Almost all European languages share countless cognates with English thanks to their shared roots, history, and evolution. Take the English words “identification,” “attention,” and “direction,” for example. The very same words exist in French with the very same ending and just a slightly different pronunciation.
Whether you need to increase your learning speed due to a life event or frustration with your current progress, rest assured that you can. If you hear someone speaking French on the television and think “I wish I could talk like that,” stop right there.
Here it is! My one month point in my 3-month Mandarin mission, shared on video! The first few seconds are me reading a prepared text off camera to practice speaking
You can think of it as a box of tools. Except, in this case, most of them are multitools. Those that have more specific uses are like screwdrivers: basic tools that can be used in a variety of situations.
Meeting Up With German Learners. On MeetUp.com you can find weekly German meetups in many major cities around the world. I’ve also been successful using CouchSurfing to connect with German learners and native speakers.
You will slowly get more and more used to the conditional and the subjunctive. Continue your enjoyable discovery of French, through listening and reading, and your confidence in this seemingly scary looking verb forms will gradually grow.
A slippery element of the language (and all the Romances) is in false cognates: word pairings that sound the same as an English word, but mean something different. Particular means “private” in Spanish, and eventual means possible. See how that could get confusing?
As a language nerd, I’m a big fan of Benny Lewis, whose “Speak from Day One” approach should be, I think, language-learning gospel. He’s written several posts about why learning Czech, Turkish, German, Mandarin Chinese, Hungarian, and other languages is not as hard as you think. His point is that with the right attitude and approach, learning a new language—despite what detractors might claim—is never as difficult a task as it’s often made out to be.
Hi, I am a 13 year old boy trying to become as fluent as a native French speaker. I already can speak fluently in Arabic but my French is lacking and I have several reasons for trying to learn it. The problem is I am teaching myself and cannot immerse with many people. Please if anyone has any advice on how to help learn French faster and better for my situation please write responses below.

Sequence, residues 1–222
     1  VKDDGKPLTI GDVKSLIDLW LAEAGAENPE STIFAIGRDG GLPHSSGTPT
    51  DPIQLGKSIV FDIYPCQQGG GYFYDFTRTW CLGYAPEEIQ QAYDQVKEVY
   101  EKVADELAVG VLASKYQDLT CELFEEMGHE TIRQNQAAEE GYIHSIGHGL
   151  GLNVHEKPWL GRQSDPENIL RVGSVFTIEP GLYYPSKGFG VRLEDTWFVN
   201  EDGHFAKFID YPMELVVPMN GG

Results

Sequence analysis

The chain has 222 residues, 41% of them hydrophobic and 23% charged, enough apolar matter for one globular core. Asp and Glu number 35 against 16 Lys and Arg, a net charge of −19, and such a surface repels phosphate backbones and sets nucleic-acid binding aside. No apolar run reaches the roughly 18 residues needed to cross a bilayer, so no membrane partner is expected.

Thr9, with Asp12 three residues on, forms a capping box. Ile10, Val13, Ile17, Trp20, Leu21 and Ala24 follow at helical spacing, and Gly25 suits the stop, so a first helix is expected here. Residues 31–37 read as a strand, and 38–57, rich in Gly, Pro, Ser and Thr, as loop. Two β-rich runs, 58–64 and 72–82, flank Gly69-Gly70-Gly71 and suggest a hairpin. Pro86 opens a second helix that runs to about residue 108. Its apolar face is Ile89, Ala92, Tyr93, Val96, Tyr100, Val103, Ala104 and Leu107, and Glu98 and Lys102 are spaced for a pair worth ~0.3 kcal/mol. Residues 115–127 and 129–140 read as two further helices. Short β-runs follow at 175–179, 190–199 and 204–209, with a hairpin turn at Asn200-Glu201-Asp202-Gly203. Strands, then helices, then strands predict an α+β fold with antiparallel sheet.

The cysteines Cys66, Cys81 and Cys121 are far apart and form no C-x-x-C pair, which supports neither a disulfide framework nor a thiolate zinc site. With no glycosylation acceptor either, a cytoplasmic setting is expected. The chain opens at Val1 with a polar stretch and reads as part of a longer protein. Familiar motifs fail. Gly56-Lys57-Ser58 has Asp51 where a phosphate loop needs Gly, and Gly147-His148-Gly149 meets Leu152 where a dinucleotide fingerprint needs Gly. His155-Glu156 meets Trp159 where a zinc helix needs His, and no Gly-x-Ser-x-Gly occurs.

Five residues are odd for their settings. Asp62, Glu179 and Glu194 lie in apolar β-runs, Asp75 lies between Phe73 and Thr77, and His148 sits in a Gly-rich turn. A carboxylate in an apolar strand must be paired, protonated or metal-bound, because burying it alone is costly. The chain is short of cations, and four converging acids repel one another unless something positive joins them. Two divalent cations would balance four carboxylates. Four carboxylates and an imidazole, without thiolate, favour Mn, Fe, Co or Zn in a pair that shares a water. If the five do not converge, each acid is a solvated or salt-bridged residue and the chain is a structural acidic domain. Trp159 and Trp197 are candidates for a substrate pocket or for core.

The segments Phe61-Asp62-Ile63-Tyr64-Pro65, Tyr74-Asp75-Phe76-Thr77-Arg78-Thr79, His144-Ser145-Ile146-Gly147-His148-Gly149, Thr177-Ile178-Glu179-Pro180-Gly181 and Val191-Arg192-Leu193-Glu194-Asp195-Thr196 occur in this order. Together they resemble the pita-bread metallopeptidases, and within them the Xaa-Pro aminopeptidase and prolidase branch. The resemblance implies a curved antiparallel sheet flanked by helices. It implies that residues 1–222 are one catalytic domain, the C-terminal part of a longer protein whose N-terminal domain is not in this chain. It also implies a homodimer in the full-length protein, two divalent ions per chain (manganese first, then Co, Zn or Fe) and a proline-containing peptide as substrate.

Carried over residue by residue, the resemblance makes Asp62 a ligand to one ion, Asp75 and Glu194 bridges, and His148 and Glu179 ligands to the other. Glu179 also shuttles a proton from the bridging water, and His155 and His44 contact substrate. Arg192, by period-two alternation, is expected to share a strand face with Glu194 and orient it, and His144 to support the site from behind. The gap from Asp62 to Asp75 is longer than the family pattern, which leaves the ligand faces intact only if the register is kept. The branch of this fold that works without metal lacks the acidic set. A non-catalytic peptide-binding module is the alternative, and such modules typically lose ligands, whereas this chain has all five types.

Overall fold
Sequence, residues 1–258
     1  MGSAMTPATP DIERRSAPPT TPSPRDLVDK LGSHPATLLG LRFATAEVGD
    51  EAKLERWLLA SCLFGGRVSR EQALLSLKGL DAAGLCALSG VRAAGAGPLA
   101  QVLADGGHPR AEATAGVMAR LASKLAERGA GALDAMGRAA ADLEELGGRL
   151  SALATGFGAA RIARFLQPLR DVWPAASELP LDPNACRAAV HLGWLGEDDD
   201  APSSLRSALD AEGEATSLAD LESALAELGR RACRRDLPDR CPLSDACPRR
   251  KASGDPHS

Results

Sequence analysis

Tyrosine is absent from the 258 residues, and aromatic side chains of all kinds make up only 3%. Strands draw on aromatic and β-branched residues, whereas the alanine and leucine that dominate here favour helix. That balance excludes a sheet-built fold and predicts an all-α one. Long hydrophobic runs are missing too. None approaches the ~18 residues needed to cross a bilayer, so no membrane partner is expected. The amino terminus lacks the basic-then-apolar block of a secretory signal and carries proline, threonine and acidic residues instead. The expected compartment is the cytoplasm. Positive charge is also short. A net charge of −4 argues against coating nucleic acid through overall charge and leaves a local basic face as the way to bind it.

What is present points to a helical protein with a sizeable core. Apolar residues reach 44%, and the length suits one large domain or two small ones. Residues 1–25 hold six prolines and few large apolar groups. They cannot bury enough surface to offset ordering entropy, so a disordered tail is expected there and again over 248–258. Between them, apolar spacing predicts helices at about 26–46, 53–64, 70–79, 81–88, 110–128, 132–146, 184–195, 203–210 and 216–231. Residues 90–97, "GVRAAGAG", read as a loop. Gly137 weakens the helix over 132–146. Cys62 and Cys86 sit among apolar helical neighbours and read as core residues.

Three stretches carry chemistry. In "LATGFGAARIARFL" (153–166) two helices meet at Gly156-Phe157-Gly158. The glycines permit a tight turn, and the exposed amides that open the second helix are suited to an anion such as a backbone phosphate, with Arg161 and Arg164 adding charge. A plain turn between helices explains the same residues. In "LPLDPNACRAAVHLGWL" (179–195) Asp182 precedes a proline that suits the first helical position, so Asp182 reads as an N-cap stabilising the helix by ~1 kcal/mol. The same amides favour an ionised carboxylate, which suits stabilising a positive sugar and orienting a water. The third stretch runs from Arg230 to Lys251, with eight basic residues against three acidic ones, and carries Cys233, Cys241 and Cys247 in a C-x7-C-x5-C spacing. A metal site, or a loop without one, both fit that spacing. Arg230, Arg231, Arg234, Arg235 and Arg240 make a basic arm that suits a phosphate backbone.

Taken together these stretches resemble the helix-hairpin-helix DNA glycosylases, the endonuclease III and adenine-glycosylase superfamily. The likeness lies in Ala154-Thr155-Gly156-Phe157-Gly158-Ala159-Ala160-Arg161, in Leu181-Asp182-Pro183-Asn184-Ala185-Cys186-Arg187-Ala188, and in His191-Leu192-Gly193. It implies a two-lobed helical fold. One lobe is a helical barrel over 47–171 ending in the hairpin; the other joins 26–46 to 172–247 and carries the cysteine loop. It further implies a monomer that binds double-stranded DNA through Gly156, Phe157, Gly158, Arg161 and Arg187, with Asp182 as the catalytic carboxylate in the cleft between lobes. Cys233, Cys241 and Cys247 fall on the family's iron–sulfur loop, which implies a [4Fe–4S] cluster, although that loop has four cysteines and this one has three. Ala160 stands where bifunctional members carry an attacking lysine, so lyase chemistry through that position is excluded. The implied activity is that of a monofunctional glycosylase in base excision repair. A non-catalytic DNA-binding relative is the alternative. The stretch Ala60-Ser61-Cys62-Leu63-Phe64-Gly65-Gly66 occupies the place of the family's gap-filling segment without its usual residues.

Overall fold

The difficulty of each skill depends on the person. For many, reading in French is easier than writing or speaking, but for some, speaking is the easiest. You’ll discover what your strong points are as you start to learn the language.
French, Belgian and African Cultures, Unfiltered – The French-speaking world is responsible for gorgeous (and delicious) arts and culture. Whether you want to explore the wine region of Bordeaux, learn to dance Sabar in Dakar, tour Belgium’s famous breweries or learn how to really cook confit de canard, speaking the language will let you participate more directly. Knowing French will also give you unfiltered access to the films of the French New Wave, the literature of Flaubert, Balzac and Proust; and the music of Édith Piaf and Serge Gainsbourg. And if you are among the 10 million Franco-Americans who can’t speak French, learning the language will turn your window onto your heritage into a doorway.

learn french fast

learn to speak french

french for beginners

For people with money to burn on learning a language, but not enough time to commit to traditional methods, multimedia courses are a good alternative – whether you practice listening and speaking with CDs in the car, or use interactive courses on your home PC in your free time. The main drawback to these methods is high up-front cost and material that can quickly become outdated.